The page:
Buffalo Trace announces George T. Stagg will be excluded from 2021’s Antique Collection and everyone loses their minds, right? Wrong. The unexpected news means very little to me, and honestly, plenty of whiskey fans as well. Besides, most enthusiasts rarely see George T. Stagg, and when we do, it’s often marked up beyond its sippable worth. It’s a fantastic bourbon – my favorite of the Antique Collection – but you won’t find me losing any sleep over it.
Each fall it’s the same old story – bottles receive great fanfare that few have a chance to enjoy. I suppose Wild Turkey isn’t alone in this phenomenon. Last year’s Master’s Keep Bottled in Bond was surely the hardest of the series to find to date. But with a little effort and the occasional minimal premium, it was reasonably obtainable. Then came 2021’s Russell’s Reserve Thirteen-Year and things turned straight up ridiculous. A bottle priced at $69 retail selling for $400 or more? No thanks.
Suggesting alternatives to the Buffalo Trace Antique Collection is familiar ground. Breaking Bourbon covered it in 2016, I wrote about it for Patreon a few years back, and more recently Fred Minnick approached the subject on a YouTube video. Unsurprisingly, Wild Turkey ended up on Fred’s list twice, with Rare Breed in substitution for George T. Stagg and Russell’s Reserve Six-Year Rye for Sazerac 18. Each are excellent replacements and I encourage you to give them a try, but what do I think? Well, with George T. Stagg out of the picture, that leaves only four releases to replace.
Before diving into my list it should be noted that Wild Turkey has only two mash bills – one bourbon and one rye. Also, Wild Turkey’s general profile, while just as high quality as Buffalo Trace’s various profiles, isn’t exactly apples to apples. That being said, Wild Turkey expressions are typically easier to find than those produced by Buffalo Trace, so you at least have that going for you. They also don’t command anywhere near the same premiums, though I can’t guarantee that will always be the case. People are rapidly catching on to Turkey, so this post may be moot in little time.
Love William Larue Weller? Try W. B. Saffell
If you think Campari’s W. B. Saffell has disappeared from shelves, think again. It can still be found online and in liquor stores across the United States (location depending). Saffell may not be a wheated bourbon, carry a double-digit age statement, or even a barrel-strength ABV, but what it lacks in specs, it more than makes up for in flavor. And yes, it’s $50 for a 375ml bottle, but if you look at it like $100 for 750ml, it seems like a steal in relation to William Larue Weller’s asking price (just Google it).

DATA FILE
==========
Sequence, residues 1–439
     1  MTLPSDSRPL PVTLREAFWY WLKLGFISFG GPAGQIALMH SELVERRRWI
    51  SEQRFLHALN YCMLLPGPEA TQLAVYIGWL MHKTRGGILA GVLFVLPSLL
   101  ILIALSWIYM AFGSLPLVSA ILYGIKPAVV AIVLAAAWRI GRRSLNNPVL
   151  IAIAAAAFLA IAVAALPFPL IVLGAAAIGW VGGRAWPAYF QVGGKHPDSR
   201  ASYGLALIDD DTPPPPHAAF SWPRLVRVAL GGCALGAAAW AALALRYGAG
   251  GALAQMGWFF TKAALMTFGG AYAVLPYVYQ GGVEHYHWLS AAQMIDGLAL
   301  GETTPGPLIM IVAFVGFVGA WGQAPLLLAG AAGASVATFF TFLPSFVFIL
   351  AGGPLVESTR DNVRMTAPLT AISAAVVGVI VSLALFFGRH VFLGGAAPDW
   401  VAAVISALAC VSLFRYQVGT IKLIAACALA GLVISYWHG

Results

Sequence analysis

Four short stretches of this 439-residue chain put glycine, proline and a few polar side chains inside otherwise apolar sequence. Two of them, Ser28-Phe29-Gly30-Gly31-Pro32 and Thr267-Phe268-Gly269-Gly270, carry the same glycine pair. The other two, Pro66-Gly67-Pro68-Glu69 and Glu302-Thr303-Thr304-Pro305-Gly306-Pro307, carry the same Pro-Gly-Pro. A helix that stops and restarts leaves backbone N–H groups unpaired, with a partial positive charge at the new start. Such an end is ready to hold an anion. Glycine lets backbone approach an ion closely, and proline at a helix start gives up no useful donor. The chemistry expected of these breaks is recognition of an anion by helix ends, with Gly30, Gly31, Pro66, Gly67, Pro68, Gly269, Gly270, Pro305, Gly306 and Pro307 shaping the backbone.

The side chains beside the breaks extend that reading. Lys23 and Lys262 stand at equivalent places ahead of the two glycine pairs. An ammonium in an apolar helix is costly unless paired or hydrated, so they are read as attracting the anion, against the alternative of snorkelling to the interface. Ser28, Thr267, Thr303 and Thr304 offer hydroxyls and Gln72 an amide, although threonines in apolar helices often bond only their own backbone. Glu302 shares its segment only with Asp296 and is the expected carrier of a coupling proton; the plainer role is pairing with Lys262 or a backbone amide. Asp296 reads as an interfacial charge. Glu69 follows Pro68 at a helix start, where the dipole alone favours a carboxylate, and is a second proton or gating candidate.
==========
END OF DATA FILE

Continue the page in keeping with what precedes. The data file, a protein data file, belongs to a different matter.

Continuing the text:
So what’s W. B. Saffell? While a detailed review is available on this blog, it’s essentially a blend of bourbons aged six to twelve years, masterfully crafted by Wild Turkey’s Eddie Russell. Saffell showcases notable complexity and stunning maturity given the range of its parts. From notes of burnt caramel and molasses, to sweet oak and ginger beer, Saffell is arguably the most overlooked modern Wild Turkey ever bottled. Granted, if it had a Turkey on the label that would likely not be the case. So, consider that a win and get one while you can!
Wild Turkey Father & Son Soars as High as Eagle Rare 17
Who loves a tasty oak-forward profile? I sure do. And if you do, chances are you’re a fan of Eagle Rare 17. Finding it (not to mention avoiding paying an arm and a leg for it) is the trick. But what if I told you a similar profile was out there at a very fair retail price? Enter Wild Turkey Father & Son.
Released as a travel-retail exclusive in 2019, Father & Son boasts a thirteen-year age statement with a hefty liter bottle. One might consider its lower bottling proof a turnoff, but as I learned upon first taste, assumptions can be silly things. In reality, Father & Son is a refined, yet full-flavored mature whiskey with a profile reminiscent of the seventeen-year Master’s Keep Bottled in Bond. And here’s the kicker – it can still be found in travel-retail outlets for roughly $80 (give or take). Of course, you’ll have to find a way to get to it, but it sure as hell beats waiting in line, driving cross-country, or selling a kidney to acquire Eagle Rare 17.